How to Read an Interstate Moving Estimate
Posted February 9th, 2012 by USM Dev
The moving industry has, over time, developed a vernacular that is exclusive in nature. It takes years to become fully acquainted with the terminology and the surplus of unnecessary acronyms.
The practical manifestation of this reality is that moving estimates can be extremely difficult to comprehend. This is especially true on interstate shipments, where many of the movers themselves would be hard-pressed to define all of the specific line items referenced on a given quotation.
Having said this, ultimately you need to relocate your personal property from point A to point B, and therefore you should focus on the following common elements/questions in evaluating a potential service provider.
- Weight: How much weight is being estimated? If you are comparing quotes, ask the competing companies to provide you with a quote based upon the highest estimated weight. If you rececive any quotations based upon cubic footage, simply eliminate those companies (while there are some subtle workarounds, it is technically illegal to provide interstate pricing based upon anything other than weight).
- Packing: How much packing and how many containers are included in your estimate?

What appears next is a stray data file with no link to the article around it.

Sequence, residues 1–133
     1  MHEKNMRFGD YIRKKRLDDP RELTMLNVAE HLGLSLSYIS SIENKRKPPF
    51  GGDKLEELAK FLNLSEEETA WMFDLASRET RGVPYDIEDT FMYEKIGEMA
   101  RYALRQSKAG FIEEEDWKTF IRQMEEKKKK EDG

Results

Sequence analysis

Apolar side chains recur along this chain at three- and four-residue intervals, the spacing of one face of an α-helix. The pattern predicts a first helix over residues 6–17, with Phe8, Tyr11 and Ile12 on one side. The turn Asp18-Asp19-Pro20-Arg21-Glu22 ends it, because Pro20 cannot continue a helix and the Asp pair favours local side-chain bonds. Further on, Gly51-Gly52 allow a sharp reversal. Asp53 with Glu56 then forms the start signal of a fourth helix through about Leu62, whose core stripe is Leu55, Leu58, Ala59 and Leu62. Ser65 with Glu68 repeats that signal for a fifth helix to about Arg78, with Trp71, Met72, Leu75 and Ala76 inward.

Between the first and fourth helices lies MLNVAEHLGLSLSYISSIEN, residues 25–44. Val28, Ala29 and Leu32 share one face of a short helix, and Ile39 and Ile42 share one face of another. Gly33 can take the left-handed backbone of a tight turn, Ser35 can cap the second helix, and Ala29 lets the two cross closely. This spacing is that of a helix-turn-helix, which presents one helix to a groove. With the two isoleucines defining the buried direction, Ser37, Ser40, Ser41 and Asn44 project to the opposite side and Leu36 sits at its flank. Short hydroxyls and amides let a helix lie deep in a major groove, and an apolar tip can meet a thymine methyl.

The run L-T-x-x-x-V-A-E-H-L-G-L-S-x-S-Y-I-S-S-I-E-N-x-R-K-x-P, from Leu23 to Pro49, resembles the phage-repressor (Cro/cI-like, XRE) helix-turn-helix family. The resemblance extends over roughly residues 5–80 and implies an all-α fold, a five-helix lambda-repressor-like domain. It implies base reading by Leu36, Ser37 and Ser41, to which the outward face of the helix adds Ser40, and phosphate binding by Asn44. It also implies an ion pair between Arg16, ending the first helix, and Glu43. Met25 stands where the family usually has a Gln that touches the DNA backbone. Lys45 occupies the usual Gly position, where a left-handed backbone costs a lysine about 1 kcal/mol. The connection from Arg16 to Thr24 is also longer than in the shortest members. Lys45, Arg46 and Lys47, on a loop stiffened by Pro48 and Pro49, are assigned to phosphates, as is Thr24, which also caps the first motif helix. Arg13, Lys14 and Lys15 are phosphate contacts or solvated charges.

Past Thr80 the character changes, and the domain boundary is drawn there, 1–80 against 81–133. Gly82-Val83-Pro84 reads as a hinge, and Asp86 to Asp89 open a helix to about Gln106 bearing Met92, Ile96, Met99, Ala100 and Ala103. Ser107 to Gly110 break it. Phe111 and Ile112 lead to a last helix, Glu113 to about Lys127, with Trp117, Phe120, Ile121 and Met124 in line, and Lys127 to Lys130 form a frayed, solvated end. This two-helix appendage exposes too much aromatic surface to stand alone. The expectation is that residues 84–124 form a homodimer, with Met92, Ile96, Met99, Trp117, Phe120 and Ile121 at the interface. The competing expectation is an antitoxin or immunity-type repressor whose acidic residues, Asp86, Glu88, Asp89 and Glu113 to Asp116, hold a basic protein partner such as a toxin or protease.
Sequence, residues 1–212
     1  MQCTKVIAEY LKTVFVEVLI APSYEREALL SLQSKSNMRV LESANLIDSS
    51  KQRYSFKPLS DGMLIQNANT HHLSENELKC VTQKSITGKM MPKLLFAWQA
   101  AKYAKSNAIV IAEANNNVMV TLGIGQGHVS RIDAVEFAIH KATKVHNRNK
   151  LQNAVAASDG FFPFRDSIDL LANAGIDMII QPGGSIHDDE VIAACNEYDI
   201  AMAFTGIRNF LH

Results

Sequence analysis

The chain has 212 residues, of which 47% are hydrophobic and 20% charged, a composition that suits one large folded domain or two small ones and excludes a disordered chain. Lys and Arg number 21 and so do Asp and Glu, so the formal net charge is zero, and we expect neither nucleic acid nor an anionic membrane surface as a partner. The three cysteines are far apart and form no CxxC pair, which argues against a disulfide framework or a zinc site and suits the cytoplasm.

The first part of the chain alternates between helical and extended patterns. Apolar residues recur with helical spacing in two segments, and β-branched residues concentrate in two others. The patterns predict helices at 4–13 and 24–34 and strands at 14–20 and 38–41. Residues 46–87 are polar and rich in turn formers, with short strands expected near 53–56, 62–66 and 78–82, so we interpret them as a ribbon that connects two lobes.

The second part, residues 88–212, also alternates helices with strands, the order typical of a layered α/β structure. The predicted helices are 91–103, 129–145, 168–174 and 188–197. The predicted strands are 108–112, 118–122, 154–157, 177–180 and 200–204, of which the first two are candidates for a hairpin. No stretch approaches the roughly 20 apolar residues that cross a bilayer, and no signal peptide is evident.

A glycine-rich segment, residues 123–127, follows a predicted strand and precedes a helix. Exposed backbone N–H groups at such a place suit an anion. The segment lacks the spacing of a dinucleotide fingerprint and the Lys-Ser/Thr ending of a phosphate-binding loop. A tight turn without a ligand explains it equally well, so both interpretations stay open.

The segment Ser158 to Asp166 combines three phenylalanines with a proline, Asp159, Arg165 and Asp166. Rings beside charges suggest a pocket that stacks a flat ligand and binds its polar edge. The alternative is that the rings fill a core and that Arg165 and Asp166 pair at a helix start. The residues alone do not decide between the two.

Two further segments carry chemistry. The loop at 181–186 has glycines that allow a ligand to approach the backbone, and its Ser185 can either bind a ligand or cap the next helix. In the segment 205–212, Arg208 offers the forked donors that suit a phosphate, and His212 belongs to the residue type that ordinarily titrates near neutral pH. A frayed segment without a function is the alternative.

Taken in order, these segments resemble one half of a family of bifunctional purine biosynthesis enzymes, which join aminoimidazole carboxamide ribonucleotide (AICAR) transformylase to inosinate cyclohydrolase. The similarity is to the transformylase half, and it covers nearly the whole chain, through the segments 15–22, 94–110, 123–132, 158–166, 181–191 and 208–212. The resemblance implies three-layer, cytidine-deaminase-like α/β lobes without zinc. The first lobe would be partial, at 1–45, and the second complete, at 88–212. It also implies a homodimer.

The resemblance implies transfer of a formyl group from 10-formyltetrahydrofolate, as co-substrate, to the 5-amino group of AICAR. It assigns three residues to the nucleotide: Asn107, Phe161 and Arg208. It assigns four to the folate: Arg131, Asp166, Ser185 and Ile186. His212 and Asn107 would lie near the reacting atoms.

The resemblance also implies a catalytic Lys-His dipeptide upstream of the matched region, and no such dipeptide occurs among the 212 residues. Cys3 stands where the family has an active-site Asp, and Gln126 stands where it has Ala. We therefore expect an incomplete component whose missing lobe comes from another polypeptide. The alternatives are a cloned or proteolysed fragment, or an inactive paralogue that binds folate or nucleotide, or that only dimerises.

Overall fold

- Services: Nobody likes surprises when it comes to moving. What (if any) are the potential additional charges? Make sure to ask about “shuttle charges” at the delivery residence.
- Estimate Type: Is this a non-binding, binding, or not-to-exceed estimate?
- Who is conducting the move? Will the company that you are speaking with actually transport your shipment directly, or is the salesperson that you are working with representing a larger van line?
In the interest of helping prospects and clients to navigate the industry terminology, Olympia has included a glossary of terms on our website.
The bottom-line is that, while all interstate carriers are required to have some “legalese” in their document, if your representative is not able to fully explain the estimate, or you have concerns that the estimate is intentionally nebulous, simply cross that company off your list.